A detailed draft plan for improved flood management within the Somass River watershed is available for public comment until March 24.
Developed over the last two years by a core team of about a dozen people through field surveys, flood level monitoring and hydraulic modelling, the plan provides a more complete picture of the watershed above and below the water line.
Consultants and ACRD staff shared the latest flood mapping results in a presentation Tuesday, March 10 at the Tseshaht First Nation administration building. A large flood-depth map was pieced together on the floor, indicating areas at greatest risk of flooding.
ACRD planning manager Mike Irg said previous mapping provided an incomplete picture of the area, which extends from Somass estuary to the shorelines of Sproat and Great Central lakes. New development since then, along with improved methods for predicting flood hazards, provide an up-to-date look at how the watershed functions. The plan also shows how it would react to extreme storm events, sea level rise and climate change to the year 2100.
“We’ve had events,” Irg said. “Some of the recent events have spurred us to look at what 200-year flood levels would look like.”
The Tseshaht community experiences flooding during heavy rain and high tides. There has been periodic flooding of other areas within the city as well. Rain events in 2016 and 2017 caused extensive flooding damage to properties along Sproat Lake. An extreme rain event in 2003 nearly overtopped the dam at Robertson Creek.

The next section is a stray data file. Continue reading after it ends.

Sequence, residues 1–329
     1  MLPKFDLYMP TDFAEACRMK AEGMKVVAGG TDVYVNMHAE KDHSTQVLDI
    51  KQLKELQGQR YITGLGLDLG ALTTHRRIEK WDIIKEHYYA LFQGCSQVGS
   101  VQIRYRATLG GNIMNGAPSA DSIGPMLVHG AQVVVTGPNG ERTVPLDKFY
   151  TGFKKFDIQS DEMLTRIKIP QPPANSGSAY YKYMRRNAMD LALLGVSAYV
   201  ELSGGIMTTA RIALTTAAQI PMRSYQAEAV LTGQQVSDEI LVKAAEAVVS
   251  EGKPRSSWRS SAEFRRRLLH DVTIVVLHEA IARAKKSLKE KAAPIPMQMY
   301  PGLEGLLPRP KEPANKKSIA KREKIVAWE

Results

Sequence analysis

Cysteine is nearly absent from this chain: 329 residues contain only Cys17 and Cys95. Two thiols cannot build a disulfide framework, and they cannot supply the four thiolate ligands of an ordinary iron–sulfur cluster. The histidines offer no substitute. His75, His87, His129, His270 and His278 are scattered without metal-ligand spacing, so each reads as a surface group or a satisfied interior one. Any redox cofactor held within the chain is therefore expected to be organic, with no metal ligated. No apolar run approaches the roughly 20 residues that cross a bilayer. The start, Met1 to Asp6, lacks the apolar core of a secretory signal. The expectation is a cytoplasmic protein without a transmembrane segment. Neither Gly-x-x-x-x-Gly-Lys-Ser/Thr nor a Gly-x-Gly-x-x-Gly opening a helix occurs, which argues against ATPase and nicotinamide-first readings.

“It’s really starting a conversation about mitigation and where we go from here,” said Jana Zelenski of LANARC Consultants. “The more people we get studying and talking about it, the more it’s going to help us going forward.”
Hydrologist Faye Hirshfield of Northwest Hydraulic Consultants, the company that undertook the surveying and monitoring, said the plan represents riverine, coastal and lake flooding hazards but does not include tsunami flood hazards.
The climate change modelling was done with guidance from the provincial government, which uses global climate models, Hirshfield said.
“The Somass watershed will get a lot more rain by 2100, around 20 percent more,” she said. “If the rain increases 20 percent, the flow will increase 20 percent.”
The plan will serve as a tool for development and potential flood mitigation measures. The latter could include everything from alternative methods of construction, flood-proofing homes in certain areas, raising parts of Highway 4 or modifying the Sproat Lake outlet to cite a few examples.
“Engagement is really a key part of this,” Zelenski said, noting that community values may affect local decisions on flood prevention and mitigation.
After the public feedback period ends, the ACRD will share a summary of input along with finalized flood mapping and reporting. Documents supporting the plan can be viewed online at acrd.bc.ca/somass-flood. Maps can be viewed at the ACRD office by appointment. Questions and comments can be submitted via email at email@example.com or by phone at 250-720-2700.